What Magical Girl Was Sailor Moon Based On?
Over this past year of exploring all of the hidden histories and minor intricacies in the world of Sailor Moon, one point that we’ve continuously come back to is that nothing is ever quite as simple as it seems. Much like an onion, there are layers and layers of neat bits of trivia. So in honor of the one-year anniversary of this blog, I’d like to go back way to the beginning: what was the inspiration behind the magical girl known as Sailor Moon?
While obviously Sailor Moon was a unique series for its time, it isn’t exactly the origin of the fighting superheroine genre like many people assert. It most certainly popularized the genre, but there were quite a few that came before it (which I intend to do a write-up on in the near future).
In fact, not much unlike the origins of Tuxedo Mask, the creation of Sailor Moon was more like a natural progression of the trends in children’s television programming — paying homage to the things that came before it in addition to telling its own story.
So what is this Sailor Moon predecessor called, you ask? Well, let me introduce you to The Masked Belle Poitrine (美少女仮面ポワトリン; Bishoujo Kamen Powatorin).1 For the sake of simplicity, I’ll be referring to this as TMB Poitrine.
TMB Poitrine was a live-action magical girl show in the tokusatsu2 genre that aired from January 7 to December 30, 1990. I’ve briefly mentioned it in the past, but actually a great deal of the structure of the Sailor Moon series — and the anime especially — is based heavily on the tropes developed over the decades of tokusatsu production. Even the title itself — Pretty Soldier Sailor Moon — follows the decades-old Adjective + Noun + Name structure firmly established by years and years of tokusatsu series.
Though TMB Poitrine was actually the eleventh installment in the Toei Fushigi Comedy Series,3 and third in their heroine-focused series, it was the first major tokusatsu series to star a consistent female lead from episode to episode who used magic to transform and fight the forces of evil. But before going much further, I should probably explain a bit about the series.
TMB Poitrine follows the adventures of second-year high school student Yuko Murakami, who is granted the power to transform into the masked superheroine and titular character, Poitrine by the guardian spirit of a neighborhood shrine. The name, by the way, comes from the French word for bosom.4 It is a comedy series, after all…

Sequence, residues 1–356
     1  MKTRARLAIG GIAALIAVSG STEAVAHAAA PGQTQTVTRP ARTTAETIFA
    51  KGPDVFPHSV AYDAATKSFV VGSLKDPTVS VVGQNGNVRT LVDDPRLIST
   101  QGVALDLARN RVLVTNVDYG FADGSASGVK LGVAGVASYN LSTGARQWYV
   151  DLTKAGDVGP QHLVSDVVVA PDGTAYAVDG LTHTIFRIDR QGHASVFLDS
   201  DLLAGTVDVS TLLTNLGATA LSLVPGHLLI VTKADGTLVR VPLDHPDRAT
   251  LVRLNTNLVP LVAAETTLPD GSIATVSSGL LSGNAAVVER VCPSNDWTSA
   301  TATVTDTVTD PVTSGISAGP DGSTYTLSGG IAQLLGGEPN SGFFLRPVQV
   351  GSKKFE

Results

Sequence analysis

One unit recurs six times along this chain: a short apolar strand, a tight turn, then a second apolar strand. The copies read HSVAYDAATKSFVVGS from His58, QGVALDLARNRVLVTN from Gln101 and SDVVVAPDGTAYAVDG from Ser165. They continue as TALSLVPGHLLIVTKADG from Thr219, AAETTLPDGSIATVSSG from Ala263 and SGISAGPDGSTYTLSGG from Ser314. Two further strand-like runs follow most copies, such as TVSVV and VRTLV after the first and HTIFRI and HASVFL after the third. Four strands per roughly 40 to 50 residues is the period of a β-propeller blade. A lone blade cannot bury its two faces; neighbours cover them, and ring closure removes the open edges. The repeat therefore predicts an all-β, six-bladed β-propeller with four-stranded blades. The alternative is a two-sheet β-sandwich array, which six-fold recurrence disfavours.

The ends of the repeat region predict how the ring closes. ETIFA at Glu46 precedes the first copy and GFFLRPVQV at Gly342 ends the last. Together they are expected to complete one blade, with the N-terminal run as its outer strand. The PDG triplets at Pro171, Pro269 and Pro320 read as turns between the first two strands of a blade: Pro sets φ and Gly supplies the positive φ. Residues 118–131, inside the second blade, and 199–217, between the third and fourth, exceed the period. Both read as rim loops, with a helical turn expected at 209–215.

Poitrine also had her own catchphrases when she appeared on the scene:
“I will continue to fight, to my very last, as long as there is love. I am the Masked Belle Poitrine!”
“Even if ____ would forgive you, I — the Masked Belle Poitrine — will not!”
(she would say the name of someone famous in the blank)
Though ultimately not as memorable as Sailor Moon’s “In the name of the moon…” introduction, they do have a certain ring to them. Almost evocative of a certain other magical girl’s fight for love and justice, no?
But in case this all on its own isn’t enough to make you wonder about a possible Sailor Moon connection, it all gets a little more interesting when you look at some of Poitrine’s magical items:
- Musical Pendant: This is a pendant which, when opened, would play a melody like a music box and allow Yuko, upon uttering her transformation phrase, to become Poitrine. The pendant was worn on Poitrine’s bow like a brooch (sound familiar?).
- Transformation Compact: This makeup compact, which was used for her transformations in the latter third of the series, was sent to Yuko in the mail by the guardian spirit of the neighborhood shrine.
- Stick: … yes, a stick. For anyone who has ever wondered about why the first of Sailor Moon’s magical wands starts out with such a lackluster name as “Moon Stick,” you’ll be happy (?) to know that magical girls in Japan have a long history of wielding weapons simply named “stick.” Poitrine was no different.
So what was the lasting impact of TMB Poitrine? Well, the show itself was actually quite popular, averaging 15% viewership ratings during it’s run and even reaching as high as 18.9%. That’s higher than some seasons of Sailor Moon! But being a tokusatsu series, its popularity was meant to be short-lived from the start: one of the key characteristics of the genre is that old stories and characters are often retired in order to make room for a new one.
Of greatest interest, though, is that Ms. Takeuchi herself admitted that Sailor Moon was influenced by TMB Poitrine.5 Though she didn’t elaborate one which parts she specifically borrowed from TMB Poitrine, even the masks worn by Sailor V — and in the original designs of Sailor Moon — look suspiciously similar.
At the end of the day, this is yet another mystery that we will probably never get a proper answer to, but I think there is a lot to learn just by reading up on it. Even if the story of TMB Poitrine may not be directly applicable to the world of Sailor Moon, it at least gives us a deeper look into Ms. Takeuchi’s mind when she was fleshing out these characters we love so much.